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Talkative, chattering UI

During a discussion on the GNUstep-UI mailing list, I remembered a user-interface-related topic that I haven't seen covered much yet: I call it talkative user interfaces, but sometimes it's covered under the more generic topic of cluttered user interfaces, or simply under featuritis.

Featuritis is a problem that especially GNOME and Mozilla used to be known for, though both have these days made great inroads into fixing this. But I'm going to focus on a less noticed aspect of this, on a smaller scale. In the process, I'll find myself going head-to-head with the Linux hacker ethic of more settings = more power to the user. While I agree that flexible, extensible and configurable apps are usually better than ones that force you to do things their way, there is a balance to be held.

Talkative Installers

Let's provide an example from the end-user's perspective, before we finally end up at how this should impact your software designs:

When you install DriveGauge (an excellent app that shows you how full your hard disk is by displaying a badge on your drive's icon indicating this) it tells you how you have to be careful to install at least one gauge style for the app to work and that you can download those from their web site.

It then goes on and transparently installs DG plus the default gauge style for you anyway.

*bonk* Think about this from the user's point of view: To most users that aren't total geeks like you or me, software is simply a solution. Hard disk is always full? I want it to show me that in a prominent place, so I remember to back up and delete some of the junk that's accumulated. This installer just bombarded me with a ton full of useless information. It even confused me, because I first thought I still had to download and install some gauge style, while the app already did it. Why do I need to know about internal implementation details that could have easily been encoded as a few checks and one error message in the application itself?

Don't show this info in the installer, but rather, have the app's delete command complain when you try to delete the last style. Most users will probably just use the default and never even get to see this code. They will just see the app works and be deliriously happy, and maybe even thankful. Moreover, they get the info about why they can't delete the last style when they attempt to do it. By telling them during installation about something they may or may not do in a few months, you're risking they have forgotten about this detail by then, and thus you're only causing more support calls, not less.

Note that I'm not advocating that installers hide all the details away from the user. I think every installer should have a button that lets you see at a glance what it will be doing. But this information needs to be filtered: Most users who want this information, want it to find out about any security issues your app could theoretically cause on their critical system. So, include what you add where, where any backups of modified files will go, and what permissions your app changes or applies to installed files. Tell the user if an internet connection is needed for some of these files.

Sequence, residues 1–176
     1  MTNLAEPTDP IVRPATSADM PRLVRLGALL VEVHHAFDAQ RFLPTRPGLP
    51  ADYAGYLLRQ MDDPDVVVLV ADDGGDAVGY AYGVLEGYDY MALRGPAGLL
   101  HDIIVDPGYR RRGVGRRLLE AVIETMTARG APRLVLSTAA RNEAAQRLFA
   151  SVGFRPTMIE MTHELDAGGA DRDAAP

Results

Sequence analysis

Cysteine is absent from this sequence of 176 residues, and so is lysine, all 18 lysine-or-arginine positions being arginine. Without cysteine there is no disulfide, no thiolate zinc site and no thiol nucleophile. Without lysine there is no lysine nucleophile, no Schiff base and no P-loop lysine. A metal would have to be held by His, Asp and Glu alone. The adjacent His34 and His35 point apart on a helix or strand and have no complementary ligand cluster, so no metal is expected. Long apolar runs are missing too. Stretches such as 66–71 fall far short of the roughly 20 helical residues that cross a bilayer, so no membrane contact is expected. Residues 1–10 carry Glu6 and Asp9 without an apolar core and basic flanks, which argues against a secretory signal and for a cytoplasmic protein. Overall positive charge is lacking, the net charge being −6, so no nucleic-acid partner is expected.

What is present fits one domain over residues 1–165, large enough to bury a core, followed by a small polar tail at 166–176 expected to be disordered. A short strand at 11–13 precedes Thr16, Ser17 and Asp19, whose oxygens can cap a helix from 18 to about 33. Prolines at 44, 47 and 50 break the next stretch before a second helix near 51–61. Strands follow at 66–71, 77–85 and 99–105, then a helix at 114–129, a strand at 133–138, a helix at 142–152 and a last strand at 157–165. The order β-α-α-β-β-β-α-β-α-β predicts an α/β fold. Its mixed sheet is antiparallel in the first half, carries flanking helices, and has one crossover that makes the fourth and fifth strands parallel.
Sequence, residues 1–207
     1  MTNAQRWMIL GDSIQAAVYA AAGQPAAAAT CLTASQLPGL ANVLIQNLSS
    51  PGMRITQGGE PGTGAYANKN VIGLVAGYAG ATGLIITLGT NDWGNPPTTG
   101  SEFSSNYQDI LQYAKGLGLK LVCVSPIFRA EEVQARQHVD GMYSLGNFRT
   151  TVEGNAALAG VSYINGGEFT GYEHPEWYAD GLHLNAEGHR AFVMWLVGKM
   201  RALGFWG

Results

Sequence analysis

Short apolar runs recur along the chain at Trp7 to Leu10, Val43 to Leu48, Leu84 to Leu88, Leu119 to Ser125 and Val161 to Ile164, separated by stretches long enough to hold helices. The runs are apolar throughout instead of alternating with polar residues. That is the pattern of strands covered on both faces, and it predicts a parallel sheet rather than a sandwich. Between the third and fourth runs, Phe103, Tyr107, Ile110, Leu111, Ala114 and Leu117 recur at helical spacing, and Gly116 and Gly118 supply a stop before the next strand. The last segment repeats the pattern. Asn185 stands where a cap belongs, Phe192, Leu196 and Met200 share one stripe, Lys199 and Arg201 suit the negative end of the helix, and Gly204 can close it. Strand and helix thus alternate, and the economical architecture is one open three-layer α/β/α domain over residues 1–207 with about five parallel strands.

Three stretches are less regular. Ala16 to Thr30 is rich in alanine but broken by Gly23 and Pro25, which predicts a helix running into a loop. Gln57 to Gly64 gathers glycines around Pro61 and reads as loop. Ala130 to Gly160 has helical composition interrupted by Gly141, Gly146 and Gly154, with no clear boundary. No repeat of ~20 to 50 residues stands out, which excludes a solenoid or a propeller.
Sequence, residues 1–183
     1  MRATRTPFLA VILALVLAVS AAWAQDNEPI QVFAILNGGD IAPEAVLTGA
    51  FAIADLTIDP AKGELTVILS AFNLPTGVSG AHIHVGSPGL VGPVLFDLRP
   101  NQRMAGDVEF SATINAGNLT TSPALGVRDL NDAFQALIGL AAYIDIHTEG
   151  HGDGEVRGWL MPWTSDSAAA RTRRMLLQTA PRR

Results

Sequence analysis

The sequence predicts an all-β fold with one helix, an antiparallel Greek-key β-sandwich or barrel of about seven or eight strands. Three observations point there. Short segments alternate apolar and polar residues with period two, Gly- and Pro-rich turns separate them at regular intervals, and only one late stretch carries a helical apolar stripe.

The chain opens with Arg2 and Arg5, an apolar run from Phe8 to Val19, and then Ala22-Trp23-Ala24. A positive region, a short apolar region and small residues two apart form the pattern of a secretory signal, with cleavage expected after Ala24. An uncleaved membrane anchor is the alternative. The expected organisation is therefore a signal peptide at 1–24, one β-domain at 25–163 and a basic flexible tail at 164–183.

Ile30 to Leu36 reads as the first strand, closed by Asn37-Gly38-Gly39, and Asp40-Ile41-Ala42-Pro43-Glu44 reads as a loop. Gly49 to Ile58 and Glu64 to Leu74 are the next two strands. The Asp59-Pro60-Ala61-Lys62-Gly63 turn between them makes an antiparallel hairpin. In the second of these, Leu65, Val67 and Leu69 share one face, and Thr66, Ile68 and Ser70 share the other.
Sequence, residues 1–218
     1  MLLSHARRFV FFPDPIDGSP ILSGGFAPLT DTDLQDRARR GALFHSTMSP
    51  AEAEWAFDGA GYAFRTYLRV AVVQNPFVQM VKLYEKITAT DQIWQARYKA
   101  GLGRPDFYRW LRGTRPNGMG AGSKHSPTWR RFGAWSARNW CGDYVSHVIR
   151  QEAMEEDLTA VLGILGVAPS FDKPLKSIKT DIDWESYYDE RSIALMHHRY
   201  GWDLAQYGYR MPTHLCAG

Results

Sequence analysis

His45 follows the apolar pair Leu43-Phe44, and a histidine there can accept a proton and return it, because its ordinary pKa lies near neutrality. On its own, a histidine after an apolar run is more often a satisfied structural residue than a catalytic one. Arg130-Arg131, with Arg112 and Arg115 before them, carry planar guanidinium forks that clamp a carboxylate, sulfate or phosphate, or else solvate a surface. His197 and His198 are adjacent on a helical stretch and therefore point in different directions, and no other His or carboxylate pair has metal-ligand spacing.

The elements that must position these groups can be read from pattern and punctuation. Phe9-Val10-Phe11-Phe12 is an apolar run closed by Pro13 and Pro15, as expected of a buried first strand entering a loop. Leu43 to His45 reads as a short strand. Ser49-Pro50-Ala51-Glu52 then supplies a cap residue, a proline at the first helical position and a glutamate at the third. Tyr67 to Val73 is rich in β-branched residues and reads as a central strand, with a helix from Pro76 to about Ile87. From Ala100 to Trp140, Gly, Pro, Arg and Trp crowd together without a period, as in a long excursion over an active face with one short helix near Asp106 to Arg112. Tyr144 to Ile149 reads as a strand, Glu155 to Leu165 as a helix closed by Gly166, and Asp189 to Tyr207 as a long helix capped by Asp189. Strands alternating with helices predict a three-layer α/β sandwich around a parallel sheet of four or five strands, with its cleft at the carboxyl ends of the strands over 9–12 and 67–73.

But most installers these days are either secretive or kind of autistic: They don't tell you at all what they do, or include a full transcript of every cd and ls command they perform. Users that know about permissions usually know how to change them. So, just telling them the high-level action you performed and how it's relevant to their system should usually be enough, (e.g. group all changes to one file in a single entry). But note that progressive disclosure is important here: Most users won't care about this information, so don't confuse them with it. Those who do care will be able to click a button to show it.

Talkative Preferences

A less obvious case of how application UIs can be talkative can be found in many powerful applications: They provide lots of options to customize their behavior (like Matthew Thomas illustrates in Point 7 of this article). While this is in general a laudable thing, most programs contain more parameters in their algorithms than actual settings. Most programmers are tempted to just expose all those parameters. After all, there may be someone who really needs to customize that one aspect you didn't think of.

However, the more stuff your preferences dialog contains, the bigger will be the hurdle for new users coming to your app. And you don't want that, because new users mean additional sales, and additional people who buy updates (or additional geek credit, or whatever scientists find out is the motivation behind open-source authors). So, how to find out what's a setting that the user will want to work with, and what's a parameter that can safely be left un-exposed?

While there's often no 100% answer, there are some indicators that something is a parameter, and not a setting (and only settings should be exposed to the user through the GUI):
  1. It can cause an invalid state - If two of your preferences can be set up so they conflict with each other and cause your application to work wrongly, or even crash, they are parameters that should be grouped into one setting. Ideally, the user should never be able to specify an invalid combination in the first place.
     
  2. It heavily depends on another setting - This is along the same line as #1: If one setting completely changes its meaning or value range depending on another, you are likely dealing with two parameters that want to be one setting. E.g. If you had sliders that manipulate block size and page size, the latter of which must be a multiple of the former, use an equation like page size = block size * N, where changing block size would transparently change the page size, but the user would only manipulate block size and N. Or sometimes you even have a fixed relation between both settings, where you can just have one slider that sets the cache size to page size * 2...